Why the words we choose matter

by Sarah S. Dermody, PhD @SarahSDermody

“Addict” or “junkie” are some of the words that are used to refer to people who have difficulties with their substance use. These are words used by people in the media (just one for example) and in our communities, and perhaps you have even used them as well. These words should be avoided, and here are some of the important reasons why.

An important place to start is to understand stigma.

Close your eyes and take a moment to imagine a recent media story or film that spoke about or portrayed someone who uses substances heavily. Perhaps they shared some negative beliefs and attitudes (or stereotypes) about how this person would behave, what they look and sound like, and what it would be like to spend time with them. The negative beliefs and attitudes towards people with addiction is called stigma.

“Day 003 – Shame” by marcandrelariviere 
is licensed under CC BY-NC-ND 2.0

Stigma is a problem with many health conditions, and we continue to see it with addiction. Stigma can truly hurt people coping with substance use related difficulties in many ways. Research has shown that fear of stigma is one of the top reasons that people choose not to get treatment for their substance use (Table 7.67B).1 When someone gets treatment, stigma can also get in the way of their successful treatment and recovery.2 Unfortunately, we also see that stigma can be an issue for treatment providers who are not properly trained to work with people who use substances.3

There is a ripple-effect of individual’s stigmatizing beliefs. The effects of stigma can go well-beyond the interactions between someone who uses substances and other individuals. People in positions of power may make decisions based on stigmatizing beliefs that can ultimately harm individuals who use substances.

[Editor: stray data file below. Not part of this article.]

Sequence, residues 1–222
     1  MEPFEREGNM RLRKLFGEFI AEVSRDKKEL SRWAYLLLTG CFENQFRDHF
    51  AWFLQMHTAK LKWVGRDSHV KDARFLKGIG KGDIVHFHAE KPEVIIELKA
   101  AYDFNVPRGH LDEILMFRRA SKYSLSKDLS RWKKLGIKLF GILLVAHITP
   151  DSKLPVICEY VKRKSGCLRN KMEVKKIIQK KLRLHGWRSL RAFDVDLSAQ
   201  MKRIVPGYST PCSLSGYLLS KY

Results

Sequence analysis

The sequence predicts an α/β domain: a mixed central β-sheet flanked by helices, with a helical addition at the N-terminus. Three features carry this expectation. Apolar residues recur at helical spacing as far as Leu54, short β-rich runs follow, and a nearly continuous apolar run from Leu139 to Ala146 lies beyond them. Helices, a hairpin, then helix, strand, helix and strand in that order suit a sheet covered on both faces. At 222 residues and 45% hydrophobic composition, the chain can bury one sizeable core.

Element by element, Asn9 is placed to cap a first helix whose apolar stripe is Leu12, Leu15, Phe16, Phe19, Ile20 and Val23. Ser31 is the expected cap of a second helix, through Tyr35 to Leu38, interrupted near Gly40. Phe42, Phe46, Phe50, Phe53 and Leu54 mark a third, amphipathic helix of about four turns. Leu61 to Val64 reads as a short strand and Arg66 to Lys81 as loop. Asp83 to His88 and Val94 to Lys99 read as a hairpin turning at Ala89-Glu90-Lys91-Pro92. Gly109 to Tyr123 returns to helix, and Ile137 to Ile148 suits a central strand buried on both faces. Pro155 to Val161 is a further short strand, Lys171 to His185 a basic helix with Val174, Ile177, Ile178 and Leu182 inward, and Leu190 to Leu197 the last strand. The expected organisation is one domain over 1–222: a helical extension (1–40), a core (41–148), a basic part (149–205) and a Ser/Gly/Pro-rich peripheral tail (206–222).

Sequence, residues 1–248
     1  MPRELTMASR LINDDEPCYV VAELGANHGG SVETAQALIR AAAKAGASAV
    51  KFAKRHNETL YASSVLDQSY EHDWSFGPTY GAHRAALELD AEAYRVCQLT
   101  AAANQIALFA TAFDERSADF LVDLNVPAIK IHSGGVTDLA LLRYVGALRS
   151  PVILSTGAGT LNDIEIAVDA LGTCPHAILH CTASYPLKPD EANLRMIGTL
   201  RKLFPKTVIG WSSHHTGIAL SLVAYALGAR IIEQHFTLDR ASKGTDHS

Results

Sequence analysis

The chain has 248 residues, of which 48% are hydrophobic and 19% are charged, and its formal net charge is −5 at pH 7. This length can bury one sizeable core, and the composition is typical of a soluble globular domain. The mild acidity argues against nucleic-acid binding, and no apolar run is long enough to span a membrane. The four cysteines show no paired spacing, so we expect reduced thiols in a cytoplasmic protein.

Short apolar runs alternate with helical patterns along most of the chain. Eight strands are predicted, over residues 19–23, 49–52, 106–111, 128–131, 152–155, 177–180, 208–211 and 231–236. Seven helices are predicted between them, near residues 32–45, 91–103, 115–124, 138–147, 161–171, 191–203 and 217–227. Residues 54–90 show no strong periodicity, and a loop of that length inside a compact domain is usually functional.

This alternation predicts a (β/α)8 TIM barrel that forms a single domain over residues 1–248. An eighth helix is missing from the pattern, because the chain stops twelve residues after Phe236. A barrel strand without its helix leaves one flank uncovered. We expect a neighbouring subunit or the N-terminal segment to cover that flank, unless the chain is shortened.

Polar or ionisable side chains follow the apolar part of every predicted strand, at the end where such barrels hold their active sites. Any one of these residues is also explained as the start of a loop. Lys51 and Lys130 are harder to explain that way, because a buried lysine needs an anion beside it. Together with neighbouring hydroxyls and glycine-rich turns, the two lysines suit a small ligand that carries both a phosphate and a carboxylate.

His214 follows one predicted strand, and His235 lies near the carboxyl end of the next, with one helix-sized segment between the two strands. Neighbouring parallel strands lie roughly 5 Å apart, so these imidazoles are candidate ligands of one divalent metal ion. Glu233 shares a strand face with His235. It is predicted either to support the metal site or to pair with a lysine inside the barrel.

Image: “Ripple Effect” by sea turtle is licensed under CC BY-NC-ND 2.0

A timely example of this is with the COVID-19 pandemic. Dr. Nora Volkow, the director of NIDA, recently wrote about this issue in her blog.

“the legitimate fear around contagion may mean that bystanders or even first responders will be reluctant to administer naloxone to people who have overdosed. And there is a danger that overtaxed hospitals will preferentially pass over those with obvious drug problems when making difficult decisions about where to direct lifesaving personnel and resources.”4

Dr. Nora Volkow

How the words we use promote stigma.

Remember the saying “sticks and stones may break my bones, but words can never hurt me”? Whoever coined this phrase did not consider the effects of stigmatizing language.

Research has shown that the language we use to refer to people who use or have difficulties with substance use can impact how we treat them. One example of this is a study by Goodyear, Haass-Koffler, and Chavanne (2018) where participants read descriptions of people referred to as a “drug addict” versus official terms like “opioid use disorder.”5  They found that there were more stigmatizing attitudes towards individuals labeled as a “drug addict” than those labeled as having an “opioid use disorder.”  

It is not hard to imagine how stigmatizing language can play out in a number of real-world settings to make a major impact.

Tips: Use words that describe – not stigmatize.